On Tuesday, Ohio House Bill 59, the state budget bill, was released in its entirety. The bill includes policy that calls for increasing workload for full-time faculty at Ohio’s public colleges and universities. Please note that if you are reading the full text of the bill, anything that is struck through indicates language that is eliminated and anything that is underlined indicates new language. Specifically, the bill revises Section 3345.45 of the Ohio Revised Code to contain the following provisions:
(C)(1) The board of trustees or managing authority of each state institution of higher education, as defined in section 3345.011 of the Revised Code, may choose to modify its faculty workload policy adopted under division (B) of this section, or to adopt a faculty workload policy if it does not have one, to increase the instructional workload of each full-time research and instructional faculty member. The faculty workload policy, if adopted, shall require each faculty member, who was a full-time research or instructional faculty member during the 2012-2013 academic year, to teach at least one additional course during the 2013-2014 or 2014-2015 academic year from the number of courses that faculty member taught during the 2012-2013 academic year. Each academic year thereafter, each such faculty member shall maintain, at a minimum, the same instructional workload as during either the 2013-2014 or 2014-2015 academic year, whichever is greater.
(2) The faculty workload policy, if adopted, shall require each faculty member who was a full-time research or instructional faculty member during the 2012-2013 academic year but was on paid sabbatical leave provided for in the faculty member’s contract to teach at least one additional course during the 2013-2014 or 2014-2015 academic year from the number of courses that faculty member taught the last academic year during which the member was not on paid sabbatical leave. During each academic year thereafter, the faculty member shall maintain, at a minimum, the same instructional workload as during either the 2013-2014 or 2014-2015 academic year, whichever is greater. If the faculty member is on paid sabbatical leave during the 2013-2014 or 2014-2015 academic year, the requirements of this division shall take effect, if the faculty workload policy is adopted, the next academic year during which that faculty member is not on paid sabbatical leave.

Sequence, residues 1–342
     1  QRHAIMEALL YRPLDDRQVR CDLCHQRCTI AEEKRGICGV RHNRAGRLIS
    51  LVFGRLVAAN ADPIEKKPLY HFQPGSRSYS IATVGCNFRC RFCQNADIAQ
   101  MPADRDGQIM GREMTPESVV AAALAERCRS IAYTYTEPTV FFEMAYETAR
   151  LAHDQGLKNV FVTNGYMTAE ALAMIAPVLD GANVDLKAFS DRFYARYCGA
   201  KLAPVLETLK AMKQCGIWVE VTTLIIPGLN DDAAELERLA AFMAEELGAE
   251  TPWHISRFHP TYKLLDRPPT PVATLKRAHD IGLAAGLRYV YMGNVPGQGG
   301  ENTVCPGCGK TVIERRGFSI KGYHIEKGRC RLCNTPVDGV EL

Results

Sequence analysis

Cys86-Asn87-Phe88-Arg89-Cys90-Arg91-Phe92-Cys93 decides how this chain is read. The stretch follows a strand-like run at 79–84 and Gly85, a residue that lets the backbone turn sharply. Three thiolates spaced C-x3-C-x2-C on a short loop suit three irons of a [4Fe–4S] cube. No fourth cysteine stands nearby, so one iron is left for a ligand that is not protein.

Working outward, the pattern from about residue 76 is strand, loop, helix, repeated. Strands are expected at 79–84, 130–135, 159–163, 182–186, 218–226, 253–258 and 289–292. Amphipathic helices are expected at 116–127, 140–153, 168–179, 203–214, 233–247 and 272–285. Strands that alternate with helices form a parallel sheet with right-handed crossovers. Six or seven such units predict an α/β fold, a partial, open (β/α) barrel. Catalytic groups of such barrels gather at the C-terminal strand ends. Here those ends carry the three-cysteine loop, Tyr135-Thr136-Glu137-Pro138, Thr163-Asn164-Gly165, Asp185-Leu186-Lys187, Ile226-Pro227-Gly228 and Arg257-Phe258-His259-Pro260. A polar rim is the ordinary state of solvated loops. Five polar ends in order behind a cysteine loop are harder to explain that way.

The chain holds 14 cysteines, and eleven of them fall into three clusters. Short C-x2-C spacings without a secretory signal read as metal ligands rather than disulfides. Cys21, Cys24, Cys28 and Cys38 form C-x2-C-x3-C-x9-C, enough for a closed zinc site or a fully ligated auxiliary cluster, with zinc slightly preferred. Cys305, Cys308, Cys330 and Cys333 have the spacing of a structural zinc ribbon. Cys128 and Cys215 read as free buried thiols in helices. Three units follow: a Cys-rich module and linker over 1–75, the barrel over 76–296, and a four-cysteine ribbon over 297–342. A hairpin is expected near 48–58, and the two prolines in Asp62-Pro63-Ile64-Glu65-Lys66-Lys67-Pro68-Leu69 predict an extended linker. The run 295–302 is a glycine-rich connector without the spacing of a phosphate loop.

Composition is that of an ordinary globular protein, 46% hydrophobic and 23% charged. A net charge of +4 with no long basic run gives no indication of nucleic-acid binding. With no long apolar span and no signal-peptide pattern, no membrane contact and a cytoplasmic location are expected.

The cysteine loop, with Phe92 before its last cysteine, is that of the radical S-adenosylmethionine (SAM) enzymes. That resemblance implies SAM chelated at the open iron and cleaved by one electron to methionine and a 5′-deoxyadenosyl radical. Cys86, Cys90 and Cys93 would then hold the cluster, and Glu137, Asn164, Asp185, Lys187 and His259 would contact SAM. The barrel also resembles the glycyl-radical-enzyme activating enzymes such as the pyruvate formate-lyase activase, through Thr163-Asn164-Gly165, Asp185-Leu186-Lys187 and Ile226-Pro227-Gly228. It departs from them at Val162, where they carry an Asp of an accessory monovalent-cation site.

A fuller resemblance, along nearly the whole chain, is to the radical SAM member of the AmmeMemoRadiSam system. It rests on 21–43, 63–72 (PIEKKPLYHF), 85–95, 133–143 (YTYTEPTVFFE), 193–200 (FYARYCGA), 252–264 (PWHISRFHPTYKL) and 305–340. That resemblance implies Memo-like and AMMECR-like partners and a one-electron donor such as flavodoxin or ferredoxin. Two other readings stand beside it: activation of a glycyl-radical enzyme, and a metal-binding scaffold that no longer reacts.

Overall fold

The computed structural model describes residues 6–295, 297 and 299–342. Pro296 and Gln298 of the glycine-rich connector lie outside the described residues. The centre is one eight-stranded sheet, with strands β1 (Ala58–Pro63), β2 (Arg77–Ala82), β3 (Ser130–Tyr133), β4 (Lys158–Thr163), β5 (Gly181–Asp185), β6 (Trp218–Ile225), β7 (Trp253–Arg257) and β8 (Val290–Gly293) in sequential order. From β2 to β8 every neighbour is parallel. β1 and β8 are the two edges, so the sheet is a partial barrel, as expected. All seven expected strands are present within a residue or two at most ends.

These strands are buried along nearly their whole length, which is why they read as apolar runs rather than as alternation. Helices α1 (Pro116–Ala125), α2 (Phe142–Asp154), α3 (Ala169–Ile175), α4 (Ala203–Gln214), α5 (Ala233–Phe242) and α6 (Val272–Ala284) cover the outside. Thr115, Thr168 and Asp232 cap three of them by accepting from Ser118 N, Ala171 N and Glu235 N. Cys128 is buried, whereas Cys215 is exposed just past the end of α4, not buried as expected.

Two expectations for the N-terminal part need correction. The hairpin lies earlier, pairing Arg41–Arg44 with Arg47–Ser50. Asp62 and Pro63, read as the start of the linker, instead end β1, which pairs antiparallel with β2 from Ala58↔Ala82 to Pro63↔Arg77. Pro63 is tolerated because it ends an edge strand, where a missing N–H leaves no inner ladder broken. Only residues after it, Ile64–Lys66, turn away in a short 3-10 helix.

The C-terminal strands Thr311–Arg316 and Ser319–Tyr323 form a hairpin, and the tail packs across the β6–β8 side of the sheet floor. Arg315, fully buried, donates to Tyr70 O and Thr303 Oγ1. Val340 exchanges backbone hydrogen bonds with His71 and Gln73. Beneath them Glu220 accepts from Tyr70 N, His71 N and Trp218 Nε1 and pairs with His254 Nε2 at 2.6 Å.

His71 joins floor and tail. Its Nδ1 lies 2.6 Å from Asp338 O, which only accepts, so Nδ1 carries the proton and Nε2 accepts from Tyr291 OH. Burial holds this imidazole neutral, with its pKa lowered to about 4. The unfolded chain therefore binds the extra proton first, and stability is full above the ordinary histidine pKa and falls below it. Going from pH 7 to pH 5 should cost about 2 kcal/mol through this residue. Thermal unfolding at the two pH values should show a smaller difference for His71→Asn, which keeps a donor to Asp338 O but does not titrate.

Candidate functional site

(3) The faculty workload policy, if adopted, shall require faculty members hired for the first time by an institution of higher education during the 2013-2014 academic year, or hired for the first time in any academic year thereafter, to maintain a comparable instructional workload to that of other faculty members at the same institution whose workloads have increased as a result of this section.
By placing such measures in the state budget bill, the unspoken assumptions seem to be that faculty do not work hard enough, or that there will be cost-savings in making faculty teach more courses.
We see this happening at a time when full-time tenure track faculty are outnumbered by administrators by nearly two to one, and instructional salaries at Ohio’s colleges and universities account for a mere 15 to 20 percent of universities’ total budgets. [According to IPEDS data synthesized by Prof. Rudy Fichtenbaum, AAUP President and Economics Professor at Wright State University.]
The Ohio Conference AAUP is opposed to any measures imposed by the state that try to arbitrarily standardize faculty workload across institutions. Workload issues should be decided at each individual campus, and should take into account the myriad of obligations of the professoriat, including research and student advising.
We will be partnering with like-minded organizations to have this language removed from the budget, and will continue to keep our members updated throughout the legislative process.